The muscle spindle's primary function is to tell the brain how hard it must contract to overcome a load. Regardless of the load, the brain can't differ between a weight being lifted or a cut on the field. Because every movement begins with an eccentric movement, this is a primary focus and, in my opinion, important for injury prevention

The main function of the Golgi tendon organ (GTO) is to say “there are too many motha f$*&ing snakes on this mutha*&^%ing plane!” Nah, I’m kidding, but it will really say, “Don’t lift that stuff—you’ll get hurt,” and the body will perform an emergency cut off switch to shut down. This will automatically decrease muscle tension to prevent serious injury to the muscle structure. But this “kill switch” set by the GTO is set nearly 40 percent below what the structure can actually handle before serious damage, so using this phase can help desensitize it.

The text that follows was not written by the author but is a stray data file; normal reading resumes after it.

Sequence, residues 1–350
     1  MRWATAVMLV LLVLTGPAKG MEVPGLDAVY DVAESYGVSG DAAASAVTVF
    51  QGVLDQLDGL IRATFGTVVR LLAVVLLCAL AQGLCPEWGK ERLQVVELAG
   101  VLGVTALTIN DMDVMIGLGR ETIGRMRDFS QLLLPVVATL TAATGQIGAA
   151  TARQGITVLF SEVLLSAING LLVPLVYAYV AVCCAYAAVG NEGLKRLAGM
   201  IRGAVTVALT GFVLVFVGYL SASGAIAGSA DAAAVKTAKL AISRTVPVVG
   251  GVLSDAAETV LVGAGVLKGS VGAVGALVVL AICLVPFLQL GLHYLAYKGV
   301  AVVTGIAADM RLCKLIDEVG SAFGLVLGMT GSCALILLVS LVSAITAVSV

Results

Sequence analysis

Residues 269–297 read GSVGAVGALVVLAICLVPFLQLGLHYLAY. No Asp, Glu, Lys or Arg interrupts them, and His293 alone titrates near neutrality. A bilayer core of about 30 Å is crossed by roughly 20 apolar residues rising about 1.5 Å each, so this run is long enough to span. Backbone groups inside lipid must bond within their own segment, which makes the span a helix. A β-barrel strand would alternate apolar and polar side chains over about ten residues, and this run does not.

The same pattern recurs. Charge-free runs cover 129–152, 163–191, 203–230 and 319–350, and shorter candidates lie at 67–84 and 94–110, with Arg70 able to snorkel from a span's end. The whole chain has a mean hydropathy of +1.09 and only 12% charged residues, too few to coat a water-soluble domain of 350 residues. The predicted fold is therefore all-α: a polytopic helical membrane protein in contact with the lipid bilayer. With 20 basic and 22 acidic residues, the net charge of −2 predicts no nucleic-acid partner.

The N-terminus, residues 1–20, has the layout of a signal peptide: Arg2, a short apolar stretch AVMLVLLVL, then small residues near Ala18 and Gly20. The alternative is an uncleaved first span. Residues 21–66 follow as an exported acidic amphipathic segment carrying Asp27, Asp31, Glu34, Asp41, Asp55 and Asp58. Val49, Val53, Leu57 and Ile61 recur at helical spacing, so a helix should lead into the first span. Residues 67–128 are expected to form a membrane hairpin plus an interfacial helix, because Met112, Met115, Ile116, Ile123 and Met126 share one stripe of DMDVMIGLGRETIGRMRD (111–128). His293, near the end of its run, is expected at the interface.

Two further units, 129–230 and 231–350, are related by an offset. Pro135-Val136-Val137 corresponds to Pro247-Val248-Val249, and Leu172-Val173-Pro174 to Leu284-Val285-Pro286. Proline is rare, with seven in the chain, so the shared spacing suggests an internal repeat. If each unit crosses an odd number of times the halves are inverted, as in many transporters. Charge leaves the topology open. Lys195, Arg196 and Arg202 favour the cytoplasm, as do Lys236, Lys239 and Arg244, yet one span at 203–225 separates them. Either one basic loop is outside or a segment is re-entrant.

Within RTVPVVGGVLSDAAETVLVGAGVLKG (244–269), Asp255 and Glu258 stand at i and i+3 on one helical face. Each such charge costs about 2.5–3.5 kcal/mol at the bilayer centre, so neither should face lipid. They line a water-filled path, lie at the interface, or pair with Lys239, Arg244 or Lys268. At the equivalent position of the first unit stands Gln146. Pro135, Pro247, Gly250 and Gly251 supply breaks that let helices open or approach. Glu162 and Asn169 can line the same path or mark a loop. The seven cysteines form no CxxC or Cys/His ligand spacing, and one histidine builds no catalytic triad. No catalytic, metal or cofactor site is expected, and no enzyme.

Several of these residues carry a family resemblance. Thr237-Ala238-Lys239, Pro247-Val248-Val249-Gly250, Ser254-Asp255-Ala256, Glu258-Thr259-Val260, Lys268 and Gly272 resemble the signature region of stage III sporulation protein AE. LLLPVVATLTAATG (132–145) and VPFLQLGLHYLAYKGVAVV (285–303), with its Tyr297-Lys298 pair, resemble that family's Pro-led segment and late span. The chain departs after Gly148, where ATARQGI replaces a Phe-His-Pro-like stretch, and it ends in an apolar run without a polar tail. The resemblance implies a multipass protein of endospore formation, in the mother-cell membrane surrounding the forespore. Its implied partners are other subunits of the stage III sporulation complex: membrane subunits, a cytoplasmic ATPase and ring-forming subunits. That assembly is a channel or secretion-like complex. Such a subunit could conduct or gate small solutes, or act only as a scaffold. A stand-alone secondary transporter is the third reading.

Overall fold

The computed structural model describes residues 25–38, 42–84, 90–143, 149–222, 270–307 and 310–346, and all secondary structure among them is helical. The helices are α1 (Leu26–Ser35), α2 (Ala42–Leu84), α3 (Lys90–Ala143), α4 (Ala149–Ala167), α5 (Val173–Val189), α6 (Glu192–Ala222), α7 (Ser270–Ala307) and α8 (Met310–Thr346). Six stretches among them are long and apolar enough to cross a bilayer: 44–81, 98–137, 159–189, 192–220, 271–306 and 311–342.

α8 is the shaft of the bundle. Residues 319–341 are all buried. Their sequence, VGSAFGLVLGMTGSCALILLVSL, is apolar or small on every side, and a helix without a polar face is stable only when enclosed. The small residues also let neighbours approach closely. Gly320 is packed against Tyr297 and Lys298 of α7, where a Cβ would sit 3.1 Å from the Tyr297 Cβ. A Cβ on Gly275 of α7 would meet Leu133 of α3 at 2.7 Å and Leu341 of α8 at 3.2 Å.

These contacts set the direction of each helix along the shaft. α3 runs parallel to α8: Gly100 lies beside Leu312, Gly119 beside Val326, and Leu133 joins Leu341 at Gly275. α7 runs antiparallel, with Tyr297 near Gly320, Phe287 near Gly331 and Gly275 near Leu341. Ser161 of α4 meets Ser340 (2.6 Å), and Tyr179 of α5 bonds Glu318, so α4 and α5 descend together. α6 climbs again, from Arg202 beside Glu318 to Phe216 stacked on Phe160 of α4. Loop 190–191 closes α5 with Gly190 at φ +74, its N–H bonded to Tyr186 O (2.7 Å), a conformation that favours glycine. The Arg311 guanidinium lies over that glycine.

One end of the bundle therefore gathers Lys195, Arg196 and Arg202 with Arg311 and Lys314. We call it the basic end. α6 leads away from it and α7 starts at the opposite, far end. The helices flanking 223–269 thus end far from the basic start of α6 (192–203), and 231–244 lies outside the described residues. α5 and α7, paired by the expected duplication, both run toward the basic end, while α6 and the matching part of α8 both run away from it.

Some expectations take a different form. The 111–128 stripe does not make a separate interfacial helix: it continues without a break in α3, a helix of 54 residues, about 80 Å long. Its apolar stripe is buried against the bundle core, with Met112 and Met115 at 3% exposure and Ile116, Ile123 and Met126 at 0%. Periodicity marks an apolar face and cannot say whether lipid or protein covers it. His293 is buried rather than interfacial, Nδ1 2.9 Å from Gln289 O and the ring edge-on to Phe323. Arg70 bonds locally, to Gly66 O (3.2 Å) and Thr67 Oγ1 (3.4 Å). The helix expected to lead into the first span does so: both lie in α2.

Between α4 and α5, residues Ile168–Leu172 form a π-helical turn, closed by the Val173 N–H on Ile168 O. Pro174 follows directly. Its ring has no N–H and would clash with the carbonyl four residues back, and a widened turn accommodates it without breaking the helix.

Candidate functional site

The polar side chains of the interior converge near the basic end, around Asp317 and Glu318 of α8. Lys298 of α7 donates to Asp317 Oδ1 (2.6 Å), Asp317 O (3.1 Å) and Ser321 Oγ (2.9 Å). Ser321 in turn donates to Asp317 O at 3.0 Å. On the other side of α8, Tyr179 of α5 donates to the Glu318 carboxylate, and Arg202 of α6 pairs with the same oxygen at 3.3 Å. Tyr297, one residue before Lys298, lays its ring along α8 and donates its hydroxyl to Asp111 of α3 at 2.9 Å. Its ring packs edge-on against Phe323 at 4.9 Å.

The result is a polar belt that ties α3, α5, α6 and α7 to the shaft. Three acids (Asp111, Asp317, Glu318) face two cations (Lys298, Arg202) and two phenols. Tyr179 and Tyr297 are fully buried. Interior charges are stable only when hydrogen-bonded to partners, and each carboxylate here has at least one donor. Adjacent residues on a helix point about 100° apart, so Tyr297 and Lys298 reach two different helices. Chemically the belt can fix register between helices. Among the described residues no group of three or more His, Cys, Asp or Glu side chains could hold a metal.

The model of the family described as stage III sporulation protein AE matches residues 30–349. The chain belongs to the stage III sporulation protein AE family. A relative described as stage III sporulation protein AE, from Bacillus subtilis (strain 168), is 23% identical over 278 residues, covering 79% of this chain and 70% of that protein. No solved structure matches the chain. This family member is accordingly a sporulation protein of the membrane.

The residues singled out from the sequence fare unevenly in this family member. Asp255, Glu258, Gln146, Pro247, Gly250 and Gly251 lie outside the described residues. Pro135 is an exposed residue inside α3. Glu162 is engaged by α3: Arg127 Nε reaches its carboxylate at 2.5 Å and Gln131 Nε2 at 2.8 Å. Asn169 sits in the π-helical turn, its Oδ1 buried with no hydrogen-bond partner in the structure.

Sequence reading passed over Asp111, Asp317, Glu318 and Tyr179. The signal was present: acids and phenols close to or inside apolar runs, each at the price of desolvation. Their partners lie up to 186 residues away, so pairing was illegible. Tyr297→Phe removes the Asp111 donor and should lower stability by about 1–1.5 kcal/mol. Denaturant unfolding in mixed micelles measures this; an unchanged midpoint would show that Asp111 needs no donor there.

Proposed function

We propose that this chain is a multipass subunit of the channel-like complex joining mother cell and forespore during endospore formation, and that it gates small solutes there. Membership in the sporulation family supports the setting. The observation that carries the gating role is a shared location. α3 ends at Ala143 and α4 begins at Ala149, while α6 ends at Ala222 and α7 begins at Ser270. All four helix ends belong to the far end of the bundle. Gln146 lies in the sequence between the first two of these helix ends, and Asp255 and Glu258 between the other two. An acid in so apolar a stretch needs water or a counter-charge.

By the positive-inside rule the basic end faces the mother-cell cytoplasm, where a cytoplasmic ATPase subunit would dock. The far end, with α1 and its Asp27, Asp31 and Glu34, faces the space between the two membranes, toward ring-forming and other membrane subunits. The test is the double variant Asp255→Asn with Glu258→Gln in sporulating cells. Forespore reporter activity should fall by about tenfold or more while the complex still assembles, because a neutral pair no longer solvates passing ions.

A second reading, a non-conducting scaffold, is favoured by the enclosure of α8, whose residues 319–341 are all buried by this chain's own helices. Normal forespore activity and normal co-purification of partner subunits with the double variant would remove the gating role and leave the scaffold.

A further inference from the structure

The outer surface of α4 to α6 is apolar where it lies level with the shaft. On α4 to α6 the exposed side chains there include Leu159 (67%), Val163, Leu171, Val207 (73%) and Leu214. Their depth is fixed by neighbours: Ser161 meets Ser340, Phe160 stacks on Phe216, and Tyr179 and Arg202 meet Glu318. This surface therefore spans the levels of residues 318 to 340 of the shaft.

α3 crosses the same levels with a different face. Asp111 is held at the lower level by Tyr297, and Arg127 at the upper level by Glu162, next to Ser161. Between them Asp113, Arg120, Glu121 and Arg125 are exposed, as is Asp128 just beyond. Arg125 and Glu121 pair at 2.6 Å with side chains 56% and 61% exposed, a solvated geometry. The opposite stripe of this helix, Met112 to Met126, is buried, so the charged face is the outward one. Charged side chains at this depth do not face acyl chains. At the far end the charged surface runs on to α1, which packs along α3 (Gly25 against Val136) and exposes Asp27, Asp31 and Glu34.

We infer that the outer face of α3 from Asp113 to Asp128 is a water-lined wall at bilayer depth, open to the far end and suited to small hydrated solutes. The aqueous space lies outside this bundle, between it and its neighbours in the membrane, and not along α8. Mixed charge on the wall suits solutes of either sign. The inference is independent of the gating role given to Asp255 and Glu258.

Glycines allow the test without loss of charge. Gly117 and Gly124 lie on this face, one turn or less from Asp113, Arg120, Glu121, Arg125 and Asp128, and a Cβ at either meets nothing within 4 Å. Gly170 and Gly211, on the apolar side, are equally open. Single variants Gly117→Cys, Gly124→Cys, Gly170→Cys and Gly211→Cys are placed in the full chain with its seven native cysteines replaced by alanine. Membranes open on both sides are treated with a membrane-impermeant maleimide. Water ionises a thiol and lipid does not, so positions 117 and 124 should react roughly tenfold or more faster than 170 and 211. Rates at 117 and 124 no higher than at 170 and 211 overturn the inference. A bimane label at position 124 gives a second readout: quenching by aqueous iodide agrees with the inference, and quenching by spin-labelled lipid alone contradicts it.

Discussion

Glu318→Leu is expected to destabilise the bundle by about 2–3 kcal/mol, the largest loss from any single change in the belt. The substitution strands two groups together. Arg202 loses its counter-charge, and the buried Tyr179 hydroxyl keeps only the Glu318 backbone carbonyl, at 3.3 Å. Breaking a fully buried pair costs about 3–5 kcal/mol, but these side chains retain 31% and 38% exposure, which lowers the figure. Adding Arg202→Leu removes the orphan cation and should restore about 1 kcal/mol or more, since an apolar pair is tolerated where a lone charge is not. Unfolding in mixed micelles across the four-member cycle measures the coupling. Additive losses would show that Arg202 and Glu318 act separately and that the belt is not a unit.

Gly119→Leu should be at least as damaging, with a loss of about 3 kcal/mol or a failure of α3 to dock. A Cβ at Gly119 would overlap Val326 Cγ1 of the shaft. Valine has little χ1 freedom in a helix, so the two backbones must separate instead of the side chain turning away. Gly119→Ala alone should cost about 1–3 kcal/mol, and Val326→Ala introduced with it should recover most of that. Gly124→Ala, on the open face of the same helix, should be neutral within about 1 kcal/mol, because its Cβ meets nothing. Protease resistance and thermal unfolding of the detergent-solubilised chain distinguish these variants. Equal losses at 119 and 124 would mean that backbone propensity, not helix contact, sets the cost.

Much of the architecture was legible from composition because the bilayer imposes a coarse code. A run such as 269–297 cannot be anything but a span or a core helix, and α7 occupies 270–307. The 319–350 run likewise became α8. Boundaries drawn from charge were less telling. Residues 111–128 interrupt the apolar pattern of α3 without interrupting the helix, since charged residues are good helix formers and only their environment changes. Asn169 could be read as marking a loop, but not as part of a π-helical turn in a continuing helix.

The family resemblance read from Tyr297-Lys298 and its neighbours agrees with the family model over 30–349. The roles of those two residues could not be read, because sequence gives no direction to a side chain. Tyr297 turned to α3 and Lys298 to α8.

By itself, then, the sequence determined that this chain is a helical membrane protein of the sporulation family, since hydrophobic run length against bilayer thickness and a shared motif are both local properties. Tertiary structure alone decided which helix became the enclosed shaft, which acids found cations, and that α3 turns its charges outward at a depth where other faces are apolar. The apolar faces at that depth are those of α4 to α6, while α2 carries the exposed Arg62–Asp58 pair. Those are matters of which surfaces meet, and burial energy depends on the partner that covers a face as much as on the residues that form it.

The eccentric phase is the most taxing on the central nervous system (CNS), which is why these come into play.


I like how it says that it's more of a joint angle in a fixed position instead of a muscle remaining constant. Muscle moves constantly and is never in a state of non-movement. It has two neurological processes that need to be trained to maximize the force transfer from the eccentric to concentric contractions—motor unit recruitment and rate coding.

Motor recruiting will occur instantly if you apply a faster velocity of eccentrics to an abrupt stop. The neurons are arranged from smallest to largest. Type I fibers are at the left while type II fibers are at the right. So the goal is to turn those guys on, like when you hit a sledge hammer on that carnival game with the lights. By improving the isometric strength of athletes through muscle recruitment, you're activating larger type II fibers.